- a photo and audio essay from Mother Jones magazine about a day in the life of a 58-year old seamstress who caters to the Ku Klux Klan.
posted by ooga_booga
on Apr 13, 2008 -
Operation Red Dog.
"The group of [N]eo-Nazis planned to travel from New Orleans to Dominica on a chartered boat, land at night in rubber boats, meet up with John and his guerrilla force of disgruntled army veterans and Rastafarian rebels, and then lay waste to Dominica's police force and political leaders." Of those Neo-Nazis, Don Black would go on to marry David Duke's ex-wife and found the notorious racist site Stormfront
. Another of the gaggle, Wolfgang Droege, would get fatally shot
by a man who was convinced that he'd installed surveillance and tunnels into his house as revenge for the time he'd laughed at Mr. Droege.
posted by Sticherbeast
on Dec 26, 2006 -
Greensboro Truth & Reconciliation Commission releases its report.
On Nov. 3, 1979, in Greensboro, N.C., Klansmen and Nazis fired on Communist Workers Party demonstrators, killing five and wounding 10. The gunmen, though captured on TV-news videotape, were acquitted of all charges in two criminal trials in the early 1980s. Two years ago, a Greensboro Truth & Reconciliation Commission was convened, following the South African model, to look into the case. It posted its report on its Web site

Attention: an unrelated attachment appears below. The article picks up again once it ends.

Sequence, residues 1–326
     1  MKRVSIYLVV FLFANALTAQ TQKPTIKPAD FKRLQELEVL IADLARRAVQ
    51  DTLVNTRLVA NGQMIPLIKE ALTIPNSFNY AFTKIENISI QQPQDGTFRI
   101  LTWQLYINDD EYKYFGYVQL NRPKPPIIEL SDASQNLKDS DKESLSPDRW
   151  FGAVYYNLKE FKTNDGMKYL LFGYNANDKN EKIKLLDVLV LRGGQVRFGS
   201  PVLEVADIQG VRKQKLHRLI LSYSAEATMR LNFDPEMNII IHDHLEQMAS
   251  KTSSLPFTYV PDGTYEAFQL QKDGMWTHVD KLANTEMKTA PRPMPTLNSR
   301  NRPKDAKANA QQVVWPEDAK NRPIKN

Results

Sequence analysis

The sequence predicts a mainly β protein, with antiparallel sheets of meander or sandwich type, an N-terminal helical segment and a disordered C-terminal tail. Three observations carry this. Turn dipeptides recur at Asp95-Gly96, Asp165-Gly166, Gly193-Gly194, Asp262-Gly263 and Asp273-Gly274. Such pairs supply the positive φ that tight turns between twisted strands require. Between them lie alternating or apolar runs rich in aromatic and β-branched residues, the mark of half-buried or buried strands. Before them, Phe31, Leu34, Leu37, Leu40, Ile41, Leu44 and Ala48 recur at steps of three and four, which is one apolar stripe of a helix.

earlier tonight, shedding some additional light on an incident that has divided the city for more than a quarter-century.
posted by lexalexander
on May 25, 2006 -
Hooded Progressivism: The secret reformist history of the Klu Klux Klan.
"Today the Federal Reserve is more likely to be the object of a Klan conspiracy theory than the source of its favored candidate for president. Today, for that matter, when a movie inspires people to create odd organizations and dress up in costume, they're more likely to end up at a convention devoted to Star Trek than a convention devoted to nominating a presidential candidate. A lot can change in 90 years. "
posted by Sticherbeast
on Dec 3, 2005 -
Superman Takes on the KKK.
In the 1940s, reporter Stetson Kennedy infiltrated
the Klu Klux Klan
, gathering information on everything from their membership to their secret code words . Kennedy then gave this information to the producers of the Superman radio show. The resulting episodes, titled “Clan of the Fiery Cross” (listen to them here
)incorporated actual Klan terminology and rituals, exposing the nation to the inner workings of this “secret” organization.
posted by jrossi4r
on Aug 11, 2005 -